Tag Archives: Bob Dylan

May 29: Bob Dylan – All Along the Watchtower, Verona, Italy 1984 (video)

bob dylan verona 1984
Bob Dylan in Verona, May 1984. Photo by Heinrich Klaffs

“There must be some way out of here,” said the joker to the thief
“There’s too much confusion, I can’t get no relief
Businessmen, they drink my wine, plowmen dig my earth
None of them along the line know what any of it is worth”

Arena di Verona
Verona, Italy
29 May 1984

Continue reading May 29: Bob Dylan – All Along the Watchtower, Verona, Italy 1984 (video)

May 28: Bob Dylan When Did You Leave Heaven ? Stockholm, Sweden, 1989 (Video)

bob dylan stockholm 1989

When did you leave heaven ?
How could they let you go ?
How’s every thing in heaven ?
I’d like to know.

Today it’s “Down In the Groove”s birthday. Here is a live version of one it’s songs.

When Did You Leave Heaven? was written by Walter Bullock & Richard Whiting.

What possessed Dylan to record something as banal as ‘When Did You Leave Heaven?’ is
one of life’s little mysteries. I am not sure if this is the same angel that was flying too close
to the ground in 1983, or if another one had gone AWOL from paradise. At any rate, I wish
she had not flown in Dylan’s direction. As with much of the material released on “Down
In The Groove” Dylan’s choice of ‘When Did You Leave Heaven?’ smacks of a man
desperate for a direction home.
~Derek Barker (The Songs He Didn’t Write: Bob Dylan Under the Influence)

Continue reading May 28: Bob Dylan When Did You Leave Heaven ? Stockholm, Sweden, 1989 (Video)

May 28: Bob Dylan – Verona, Italy 1984 (video & audio)

bob dylan verona 1984

The 1984 Europe tour starts with two show in Italy (Verona) before moving into Germany.

The first concert was not a good one, here are some clips.

Arena di Verona
Verona, Italy
28 May 1984

  • Bob Dylan (vocal & guitar)
  • Mick Taylor (guitar)
  • Ian McLagan (keyboards)
  • Greg Sutton (bass)
  • Colin Allen (drums)

Continue reading May 28: Bob Dylan – Verona, Italy 1984 (video & audio)

May 27: Bob Dylan & The Hawks, London 1966





bob dylan london 1966

The final show of the 1966 world tour. Thankfully the entire acoustic half has emerged on acetate. CBS in fact recorded both nights at the Royal Albert Hall for a possible live album. Before performing “Visions of Johanna,” Dylan launches into a verbal attack on those critics who accuse him of writing drug songs, informing them the next song, “is not a drurg [sic} song. It’s just vulgar to think so.” But the highlight of this, the final 1966 acoustic set is a six-and-a-half minute “Just Like a Woman,” Dylan veering in and out of control of his phrasing. During the electric set, tempers, both on and offrhe stage, become frayed. Before “I Don’t Believe You,” Dylan announces, “I get accused of dismissing my old songs. That’s not true. I luuurve my old songs.” At the time critics are divided as to the merits of the two London shows. Ray Coleman, in Disc and Music Echo, felt that Dylan, “insults his own talents … [with} a shamble of noise.” The London Times reviewer, writing up the first London show, much preferred the acoustic set, entitling his article, “The Better Half of Dylan.” After Dylan· s motorcycle accident, though, the shows will quickly achieve mythic status.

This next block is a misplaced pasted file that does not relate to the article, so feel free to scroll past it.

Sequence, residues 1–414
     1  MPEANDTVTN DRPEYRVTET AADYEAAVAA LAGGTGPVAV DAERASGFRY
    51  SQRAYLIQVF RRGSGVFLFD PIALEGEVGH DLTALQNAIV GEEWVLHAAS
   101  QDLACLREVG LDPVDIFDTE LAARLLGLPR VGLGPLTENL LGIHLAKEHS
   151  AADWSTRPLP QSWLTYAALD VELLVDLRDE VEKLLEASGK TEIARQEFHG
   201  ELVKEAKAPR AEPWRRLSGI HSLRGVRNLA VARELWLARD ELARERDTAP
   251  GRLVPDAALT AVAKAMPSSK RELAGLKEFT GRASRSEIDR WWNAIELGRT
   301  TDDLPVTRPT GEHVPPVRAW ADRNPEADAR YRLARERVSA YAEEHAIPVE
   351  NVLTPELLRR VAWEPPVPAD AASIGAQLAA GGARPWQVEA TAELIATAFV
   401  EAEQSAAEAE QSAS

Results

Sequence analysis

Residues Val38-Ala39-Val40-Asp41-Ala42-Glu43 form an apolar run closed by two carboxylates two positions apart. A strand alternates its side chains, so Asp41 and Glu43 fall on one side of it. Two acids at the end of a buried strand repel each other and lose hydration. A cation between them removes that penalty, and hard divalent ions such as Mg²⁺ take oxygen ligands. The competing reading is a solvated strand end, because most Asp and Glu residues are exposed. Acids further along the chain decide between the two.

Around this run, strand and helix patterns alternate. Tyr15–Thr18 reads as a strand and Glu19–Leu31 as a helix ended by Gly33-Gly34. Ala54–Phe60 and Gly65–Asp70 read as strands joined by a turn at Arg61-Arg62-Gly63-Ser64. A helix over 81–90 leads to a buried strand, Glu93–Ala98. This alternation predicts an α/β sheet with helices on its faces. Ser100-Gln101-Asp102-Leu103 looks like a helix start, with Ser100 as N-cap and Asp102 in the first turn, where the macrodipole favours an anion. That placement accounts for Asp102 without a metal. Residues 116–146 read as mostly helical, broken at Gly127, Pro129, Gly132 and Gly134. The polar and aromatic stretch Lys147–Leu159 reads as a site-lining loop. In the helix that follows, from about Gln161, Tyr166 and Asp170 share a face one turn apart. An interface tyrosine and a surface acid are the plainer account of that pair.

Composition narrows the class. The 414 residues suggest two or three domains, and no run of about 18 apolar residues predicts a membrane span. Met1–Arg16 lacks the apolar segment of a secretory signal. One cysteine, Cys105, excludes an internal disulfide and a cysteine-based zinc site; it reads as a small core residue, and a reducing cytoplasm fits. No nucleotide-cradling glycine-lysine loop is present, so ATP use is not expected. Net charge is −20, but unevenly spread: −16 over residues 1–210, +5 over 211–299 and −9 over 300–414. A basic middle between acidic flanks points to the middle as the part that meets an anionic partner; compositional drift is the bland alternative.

~Clinton Heylin (Bob Dylan: A Life in Stolen Moments Day by Day 1941-1995)

Royal Albert Hall
London, England
27 May 1966

Musicians:

  • Bob Dylan (vocal & electric guitar)
  • Robbie Robertson (electric guitar)
  • Garth Hudson (organ), Rick Danko (bass)
  • Richard Manuel (piano)
  • Mickey Jones (drums)

The last three songs of the May 27 acoustic set at Royal Albert Hall are good enough to stand next to the best work of any twentieth century artist (performer, painter, poet, mathematician… )
~Paul Williams (Bob Dylan Performing Artist I: The Early Years 1960-1973)

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May 27: Bob Dylan released The Freewheelin’ Bob Dylan in 1963





bob dylan freewheelin

May 27: Bob Dylan released The Freewheelin’ Bob Dylan 1963

“..easily the best of [Dylan’s] acoustic albums and a quantum leap from his debut—which shows the frantic pace at which Dylan’s mind was moving.You can see why this album got the Beatles listening. The songs at its core must have sounded like communiques from another plane.”
~John Harris (Q Magazine, 2000)

” I think it was the first time I ever heard Dylan at all… And for the rest of our three weeks in Paris, we didn’t stop playing it.”
– John Lennon (about The Freewheelin’ Bob Dylan)

Blowin’ In The Wind:

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